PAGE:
New: If we strike swamps, or soft ground, we stay in a file because it is just fucking easier, ok? Plus the new guy will get lost if we spread out. Who the fuck got us in these swamps, anyway? I bet it was that new LT. Fucking butterbar...
8. When we march, we keep moving till dark, so as to give the enemy the least possible chance at us.
New: When we march, we keep moving until Haj falls out and deserts. The we have to go round them up which gives the enemy the most possible chance at us.
9. When we camp, half the party stays awake while the other half sleeps.
New: When we camp, half the party pretends to stay awake while the other half can’t sleep. Then everyone will fall asleep. The Platoon Sergeant will snore the loudest.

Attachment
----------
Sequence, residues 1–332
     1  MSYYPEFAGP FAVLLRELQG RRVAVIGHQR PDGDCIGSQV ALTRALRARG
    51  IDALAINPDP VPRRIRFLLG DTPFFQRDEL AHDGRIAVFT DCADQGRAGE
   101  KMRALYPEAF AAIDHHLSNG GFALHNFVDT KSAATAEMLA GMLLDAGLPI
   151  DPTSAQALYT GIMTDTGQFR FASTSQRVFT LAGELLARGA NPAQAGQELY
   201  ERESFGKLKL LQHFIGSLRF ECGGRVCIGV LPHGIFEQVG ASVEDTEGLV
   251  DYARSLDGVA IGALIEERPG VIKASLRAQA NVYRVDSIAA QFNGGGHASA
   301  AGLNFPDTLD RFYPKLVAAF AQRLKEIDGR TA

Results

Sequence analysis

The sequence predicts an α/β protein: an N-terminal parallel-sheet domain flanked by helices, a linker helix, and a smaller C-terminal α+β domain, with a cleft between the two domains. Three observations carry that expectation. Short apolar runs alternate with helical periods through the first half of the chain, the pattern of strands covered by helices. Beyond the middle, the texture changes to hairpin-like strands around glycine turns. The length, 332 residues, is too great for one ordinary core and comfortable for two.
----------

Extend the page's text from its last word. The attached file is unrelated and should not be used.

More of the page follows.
10. If we take prisoners, we keep ‘em separate till we have time to examine them, so they can’t cook up a story between ‘em.
New: If we take prisoners, we let them go because, “No Ali Baba, mista”, apparently. Fucking Haj...
11. Don’t ever march home the same way. Take a different route so you won’t be ambushed.
New: Don’t ever march home the same way. Unless it is the quickest route and the chow hall is closing.
12. No matter whether we travel in big parties or little ones, each party has to keep a scout 20 yards ahead, 20 yards on each flank, and 20 yards in the rear, so the main body can’t be surprised and wiped out.
New: No matter whether we travel in big parties or little ones, each party will get lost if they let recon platoon lead them anywhere. If your LT gets you lost, scout 20 yards ahead. 20 yards on each flank, and 20 yards in the rear in a cloverleaf pattern to try to find the land nav point.
13. Every night you’ll be told where to meet if surrounded by a superior force.